The poll CNN is trying to bury…

The folks at CNN, who have shown their bias pretty clearly so far, are a bit embarrassed about this poll. It’s remarkable for a number of reasons. The most obvious is that respondents gave Kerry the nod in last night’s debate by a margin of 71% over George Bush. But most remarkable are the number of respondents. It measures 607,064 responses.

My own very unscientific note on last night’s debate, that I haven’t seen anyone else pick up on has to do with applause. At the opening of the debate when Jim Lehrer introduced the candidates there was polite applause for President Bush when he entered the stage. A few seconds later when John Kerry stepped out of the wings the place erupted in cheers. It happened again at the end of the debate. The President was in an obvious hurry to get off the stage and herded his family into the wings, briefly leaving John Kerry alone on the stage. Senator Kerry turned to wave to the audience and as he did there was, once again, raucous cheering.

My gut is telling me right now that all the polls in the last couple of weeks have been wrong, precisely for the reasons that the critics of the pollsters have given: Their samples are skewed, their ratio of Republicans to Democrats that they’re polling (which is based on a prediction of voter participation by party that is not supported by the ratios in the last four elections) and their methods are out of touch with changes in communication styles in our society (none of the polling organizations call cell phone numbers in their telephone polls, but the phone companies have plenty of data that says that people between 18 and 24 are abandoning their land lines in favor of only subscribing to mobile phone service – that means that young voters are being massively underpolled). My gut says that people in this country, in large numbers, are still pissed off about the Iraq war. There were massive anti-war protests in every city in America in the weeks leading up to the war in 2003. Those people didn’t suddenly decide they were ok with a war in Iraq after it had started, and if anything they are more angry now that everyone knows that there were no WMD’s in Iraq, that there was no connection between Al Qaida and Saddam Hussein’s government and that former Army Chief of Staff, General Eric Shinseki, was right on the mark when he said that it would take a force several times larger than the one currently on the ground in Iraq to manage security and contain insurgency after the Iraqi forced had been defeated.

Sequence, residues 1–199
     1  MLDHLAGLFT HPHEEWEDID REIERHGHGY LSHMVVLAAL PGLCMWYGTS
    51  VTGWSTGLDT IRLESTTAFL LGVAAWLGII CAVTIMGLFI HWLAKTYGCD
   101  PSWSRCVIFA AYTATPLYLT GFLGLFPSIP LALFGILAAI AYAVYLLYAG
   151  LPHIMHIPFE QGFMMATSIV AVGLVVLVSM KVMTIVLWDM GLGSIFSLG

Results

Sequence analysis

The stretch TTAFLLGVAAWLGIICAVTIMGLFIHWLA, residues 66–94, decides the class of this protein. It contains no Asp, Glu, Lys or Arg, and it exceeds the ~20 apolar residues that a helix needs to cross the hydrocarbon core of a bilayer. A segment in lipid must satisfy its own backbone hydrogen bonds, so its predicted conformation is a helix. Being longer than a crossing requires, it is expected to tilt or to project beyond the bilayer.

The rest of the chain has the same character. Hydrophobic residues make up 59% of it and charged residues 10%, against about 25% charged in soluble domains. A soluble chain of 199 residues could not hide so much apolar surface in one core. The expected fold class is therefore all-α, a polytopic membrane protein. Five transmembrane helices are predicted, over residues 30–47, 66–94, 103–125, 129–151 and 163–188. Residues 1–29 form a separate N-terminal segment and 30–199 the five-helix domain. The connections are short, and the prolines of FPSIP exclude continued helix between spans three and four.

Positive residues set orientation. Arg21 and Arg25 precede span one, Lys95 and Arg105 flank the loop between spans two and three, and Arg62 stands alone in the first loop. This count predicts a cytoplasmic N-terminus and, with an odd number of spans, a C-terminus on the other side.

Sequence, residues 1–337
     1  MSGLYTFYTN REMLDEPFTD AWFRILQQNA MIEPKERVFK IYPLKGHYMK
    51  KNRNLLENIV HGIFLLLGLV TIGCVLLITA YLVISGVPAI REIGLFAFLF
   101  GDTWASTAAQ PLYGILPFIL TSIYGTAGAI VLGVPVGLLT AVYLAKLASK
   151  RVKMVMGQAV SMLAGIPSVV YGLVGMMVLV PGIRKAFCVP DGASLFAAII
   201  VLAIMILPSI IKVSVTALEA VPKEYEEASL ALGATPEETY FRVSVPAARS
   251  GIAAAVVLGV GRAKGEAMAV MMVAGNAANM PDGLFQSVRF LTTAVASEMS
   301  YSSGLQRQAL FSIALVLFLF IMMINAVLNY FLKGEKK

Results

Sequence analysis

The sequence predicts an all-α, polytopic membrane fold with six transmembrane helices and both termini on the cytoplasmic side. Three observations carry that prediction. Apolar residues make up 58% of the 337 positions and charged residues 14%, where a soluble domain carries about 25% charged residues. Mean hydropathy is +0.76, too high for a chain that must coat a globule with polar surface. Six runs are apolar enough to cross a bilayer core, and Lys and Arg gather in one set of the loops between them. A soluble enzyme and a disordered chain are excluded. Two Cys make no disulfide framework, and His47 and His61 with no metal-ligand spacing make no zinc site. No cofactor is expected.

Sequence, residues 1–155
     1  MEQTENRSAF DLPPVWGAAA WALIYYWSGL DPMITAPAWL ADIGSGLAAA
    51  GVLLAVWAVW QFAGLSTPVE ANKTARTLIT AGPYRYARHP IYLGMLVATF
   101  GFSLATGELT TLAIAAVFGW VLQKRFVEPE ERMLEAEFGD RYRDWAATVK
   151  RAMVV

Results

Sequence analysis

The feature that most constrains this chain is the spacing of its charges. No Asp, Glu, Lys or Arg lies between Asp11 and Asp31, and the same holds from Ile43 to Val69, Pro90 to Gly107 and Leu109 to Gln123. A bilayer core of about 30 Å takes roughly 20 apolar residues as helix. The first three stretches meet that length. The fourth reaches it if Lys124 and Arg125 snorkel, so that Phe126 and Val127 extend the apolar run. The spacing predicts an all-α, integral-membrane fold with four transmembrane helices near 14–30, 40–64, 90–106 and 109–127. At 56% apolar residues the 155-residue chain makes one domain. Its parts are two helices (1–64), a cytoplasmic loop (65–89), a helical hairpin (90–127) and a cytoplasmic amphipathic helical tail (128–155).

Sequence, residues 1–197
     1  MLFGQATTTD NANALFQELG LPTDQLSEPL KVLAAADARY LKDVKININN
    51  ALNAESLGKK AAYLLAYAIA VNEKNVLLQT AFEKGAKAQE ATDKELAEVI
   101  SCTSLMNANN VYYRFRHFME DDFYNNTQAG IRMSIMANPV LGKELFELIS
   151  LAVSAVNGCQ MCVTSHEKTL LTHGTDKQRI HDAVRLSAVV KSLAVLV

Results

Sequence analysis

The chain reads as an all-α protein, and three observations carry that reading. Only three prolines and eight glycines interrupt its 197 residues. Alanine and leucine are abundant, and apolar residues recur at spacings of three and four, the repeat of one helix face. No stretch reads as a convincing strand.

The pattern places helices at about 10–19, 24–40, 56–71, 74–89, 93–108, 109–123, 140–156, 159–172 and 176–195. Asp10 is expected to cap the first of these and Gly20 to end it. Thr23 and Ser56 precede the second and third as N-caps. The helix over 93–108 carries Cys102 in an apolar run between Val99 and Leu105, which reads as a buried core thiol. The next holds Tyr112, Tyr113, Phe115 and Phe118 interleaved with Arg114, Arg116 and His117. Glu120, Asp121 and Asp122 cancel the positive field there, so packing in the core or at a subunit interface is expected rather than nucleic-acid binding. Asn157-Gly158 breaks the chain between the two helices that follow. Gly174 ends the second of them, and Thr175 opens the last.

What we saw last night was remarkable. The GOP spin machine has been insisting that Dubya’s strength lay in topics of foreign policy, defense and the so-called war on terror, and polls have been bearing that out for several weeks. But with that very topic on the table in the first debate the President choked. He pulled a Jeremy Giambi and didn’t slide. He was Bill Buckner watching the ball go between his legs as the winning run scored. The final debate, in the same format as this one, will be on the topic of domestic policy, and on that area it’s clear that Dubya is at a disadvantage. No one, including many prominent Republicans, believes that this President has a clue about managing the economy or how to handle domestic issues such as health care and education. His record as President demonstrates that clearly. Unless Kerry stumbles in the middle, town-hall style, debate he should be able to deliver the knockout punch at the third debate.

My gut tells me we won’t have to suffer George W. Bush much longer.

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